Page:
Thoughts are not facts

The opinions we hold about ourselves and our possibilities in life can be like propaganda – opinions that are not based on truth but come to be believed through being repeated so often we come to think they must be true. Starting to reflect “thoughts are not facts” helps us to remember that just because we think it, it is not necessarily true. 

As we meditate the constant drone of ‘radio me’ starts to be heard more and more clearly. Whereas before it was a vague chatter in the background sitting quietly in meditation gives us an opportunity to be fully present to all of the thoughts that busily announce themselves in our mind. Some are just random thoughts about what we might eat, or a memory of what we did yesterday or a thought about some future activity or a day dream. But we also start to notice the way the mind presents opinions about ourself. “You messed up there”, “Why did you even think you could do that”, “Don’t think you are so special”.

We will all have our own particular set of thoughts, based on whatever messages we internalised as a child about who we were. Mark Williams, who devised the 8 week mindfulness course for depression, talks of how the mind is a propaganda machine. It likes to keep repeating things until we believe them to be true.

An example of this comes from a story I heard recently. A man was in therapy and as he tried to practice Loving Kindness for himself all he could notice was a judgemental voice in his head telling him not to be so proud and arrogant. As he explored this with his therapist he remembered being a child and running home eager to show his mother his test results. He ran in flourishing the piece of paper with his top grades. His mother, who had mental health issues and was not able to be fully be present to him, snapped “don’t be so arrogant, why do you think you are better than everyone else”. As a child he could not reason that his mother was depressed and that her statement was unfair. Instead he took the blame on himself, as children do when faced with the fear of loosing their parent’s love, and told himself he must never be so arrogant again.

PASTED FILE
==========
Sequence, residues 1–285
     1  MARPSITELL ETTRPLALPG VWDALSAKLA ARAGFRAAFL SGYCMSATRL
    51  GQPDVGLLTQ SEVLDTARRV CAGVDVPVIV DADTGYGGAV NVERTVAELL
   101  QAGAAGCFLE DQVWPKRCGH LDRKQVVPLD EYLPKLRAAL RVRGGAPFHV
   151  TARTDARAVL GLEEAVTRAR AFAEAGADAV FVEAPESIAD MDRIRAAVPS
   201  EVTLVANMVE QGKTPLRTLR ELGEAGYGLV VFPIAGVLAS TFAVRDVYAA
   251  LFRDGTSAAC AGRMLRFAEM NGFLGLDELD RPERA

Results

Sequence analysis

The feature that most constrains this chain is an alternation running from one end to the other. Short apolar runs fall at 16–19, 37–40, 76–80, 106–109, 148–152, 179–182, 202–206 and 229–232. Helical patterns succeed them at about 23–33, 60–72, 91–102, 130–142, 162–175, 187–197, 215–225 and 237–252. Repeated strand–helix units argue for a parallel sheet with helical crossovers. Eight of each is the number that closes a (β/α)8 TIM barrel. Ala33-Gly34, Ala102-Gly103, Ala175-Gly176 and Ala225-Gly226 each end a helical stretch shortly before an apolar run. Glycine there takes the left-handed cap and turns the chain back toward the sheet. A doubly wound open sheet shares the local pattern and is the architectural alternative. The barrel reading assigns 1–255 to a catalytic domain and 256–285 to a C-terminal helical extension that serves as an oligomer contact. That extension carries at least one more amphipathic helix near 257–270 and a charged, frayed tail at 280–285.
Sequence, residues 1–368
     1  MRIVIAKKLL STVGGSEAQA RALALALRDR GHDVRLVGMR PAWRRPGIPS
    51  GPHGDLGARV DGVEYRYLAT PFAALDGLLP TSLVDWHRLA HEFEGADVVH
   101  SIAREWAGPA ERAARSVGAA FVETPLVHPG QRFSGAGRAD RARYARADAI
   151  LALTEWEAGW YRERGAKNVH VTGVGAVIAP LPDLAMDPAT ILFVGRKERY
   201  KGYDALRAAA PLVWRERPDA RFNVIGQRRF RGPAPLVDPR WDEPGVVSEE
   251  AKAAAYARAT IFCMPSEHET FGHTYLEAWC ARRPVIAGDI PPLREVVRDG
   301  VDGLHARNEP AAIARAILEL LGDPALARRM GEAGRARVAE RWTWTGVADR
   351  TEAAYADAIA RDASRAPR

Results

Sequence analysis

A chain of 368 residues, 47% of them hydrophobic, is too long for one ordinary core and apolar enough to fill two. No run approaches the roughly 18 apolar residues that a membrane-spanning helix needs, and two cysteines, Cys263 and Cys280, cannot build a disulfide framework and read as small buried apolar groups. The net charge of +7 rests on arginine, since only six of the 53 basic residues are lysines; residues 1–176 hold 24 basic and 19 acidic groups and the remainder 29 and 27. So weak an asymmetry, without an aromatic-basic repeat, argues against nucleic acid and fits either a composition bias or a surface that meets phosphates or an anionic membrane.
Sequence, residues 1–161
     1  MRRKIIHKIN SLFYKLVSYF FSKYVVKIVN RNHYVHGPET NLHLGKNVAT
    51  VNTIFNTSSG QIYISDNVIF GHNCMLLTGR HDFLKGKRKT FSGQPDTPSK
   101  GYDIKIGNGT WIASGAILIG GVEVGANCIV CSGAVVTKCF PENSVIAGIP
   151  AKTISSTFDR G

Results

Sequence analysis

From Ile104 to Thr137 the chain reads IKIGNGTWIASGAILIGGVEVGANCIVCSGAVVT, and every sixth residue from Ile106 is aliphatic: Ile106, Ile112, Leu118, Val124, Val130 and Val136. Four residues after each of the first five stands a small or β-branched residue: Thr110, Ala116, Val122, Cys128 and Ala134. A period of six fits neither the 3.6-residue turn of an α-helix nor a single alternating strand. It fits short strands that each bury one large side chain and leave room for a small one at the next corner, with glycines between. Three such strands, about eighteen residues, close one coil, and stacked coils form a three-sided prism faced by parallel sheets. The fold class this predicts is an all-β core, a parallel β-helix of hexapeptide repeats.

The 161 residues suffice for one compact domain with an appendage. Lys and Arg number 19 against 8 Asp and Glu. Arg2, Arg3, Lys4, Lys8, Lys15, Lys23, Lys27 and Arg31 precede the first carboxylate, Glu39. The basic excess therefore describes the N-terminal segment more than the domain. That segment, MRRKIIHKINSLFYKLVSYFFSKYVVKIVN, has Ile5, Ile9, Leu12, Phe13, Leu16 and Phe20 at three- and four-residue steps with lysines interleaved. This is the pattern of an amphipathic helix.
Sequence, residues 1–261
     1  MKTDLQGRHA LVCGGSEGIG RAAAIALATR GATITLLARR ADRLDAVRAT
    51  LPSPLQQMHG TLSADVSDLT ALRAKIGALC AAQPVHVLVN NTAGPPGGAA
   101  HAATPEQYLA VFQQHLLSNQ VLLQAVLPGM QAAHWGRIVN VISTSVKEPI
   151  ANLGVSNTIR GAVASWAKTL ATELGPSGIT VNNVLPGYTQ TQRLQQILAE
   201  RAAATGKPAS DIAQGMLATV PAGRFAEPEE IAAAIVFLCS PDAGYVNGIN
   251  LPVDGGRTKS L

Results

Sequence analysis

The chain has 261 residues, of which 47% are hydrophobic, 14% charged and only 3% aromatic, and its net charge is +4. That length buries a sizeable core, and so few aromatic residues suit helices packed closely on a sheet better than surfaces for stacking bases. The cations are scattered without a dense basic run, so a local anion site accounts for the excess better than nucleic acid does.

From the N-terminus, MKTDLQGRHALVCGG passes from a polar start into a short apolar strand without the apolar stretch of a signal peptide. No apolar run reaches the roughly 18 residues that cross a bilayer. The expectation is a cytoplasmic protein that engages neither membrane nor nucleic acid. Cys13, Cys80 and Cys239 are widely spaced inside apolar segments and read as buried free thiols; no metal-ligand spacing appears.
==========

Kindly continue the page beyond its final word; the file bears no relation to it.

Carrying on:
As a result of this, by the time he was an adult he had a firmly established inner critic that would  quickly tell him to stop being so arrogant if he ever tried to appreciate himself. As he explored this with his therapist he realised that this inner critic was actually trying to keep him safe. The child’s fear of loosing his mother’s love and care meant he had told himself he must never be arrogant again. As an adult looking back at this he could release that this way of thinking was not founded on any truth. That he was justified to be pleased for getting good grades. He was able to start challenging this thought each time it arose and no longer take it as a fact.

The simple phrase “thoughts are not facts” is a useful reflection to use whenever these opinions present themselves in our mind. The gentle reminder that just because a thought feels familiar and true does not mean it is a fact, it may just be propaganda that we have come to believe to be true.

Thoughts are not facts, a Christmas story:

One of the participants on a previous 8 week mindfulness course saw this in a powerful way. She had hated Christmas for years. She did not know why, she just knew she wanted to avoid Christmas and would always ask her family not to make a big deal of it when she spent Christmas with them. She was on the course in the run up to Christmas, and was practicing noticing her thoughts and emotional reactions. As she saw Christmas decorations going up she thought to herself “Oh no, it’s Christmas again, I hate Christmas”.

Then she started to examine this, what it was she hated about Christmas: she liked the decorations, she liked the food, she liked the presents, she liked having time with family… why was it she would always have such a strong reaction of dislike to Christmas? Suddenly it hit her. Her boyfriend of some years past had abruptly ended the relationship just before Christmas. She had not wanted to remember this pain, but each year Christmas acted as a mark to remind her.This fed into her story: “No one will want me” and iIn an attempt to escape the pain of remembering the event or feeling the self-judgement of being unwanted she had taken to avoiding Christmas, which she actually enjoyed! As soon as she saw this she realised that she did not hate Christmas, she hated the memory of the break up, but she could see now that it was an event  in the past so she did not need to carry that pain with her any more. She was also working on her own sense of self-love and this in turn helped her to know she could be loved.

The result was that she told her parents she did want to have a full Christmas that year, to have a full lunch and presents and for the first time in years she was free to really enjoy the day again. So often the reason we feel the fear or struggle now is due to an event from the past that when we can calmly look at it from where we are now no longer needs to exert any influence over us. Mindfulness and loving kindness gives us the resources to be able to practice this self-care and self-reflection.

The next time your mind presents a thought as a fact, one that does not support your happiness or wellbeing, ask yourself: is this a fact? Or is it an opinion? Some thing I’m working with now is to use the phrase “it’s just a story”  as these things come up. But more on that next week.

Please follow and like us:

Leave a Reply

Your email address will not be published.

This site uses Akismet to reduce spam. Learn how your comment data is processed.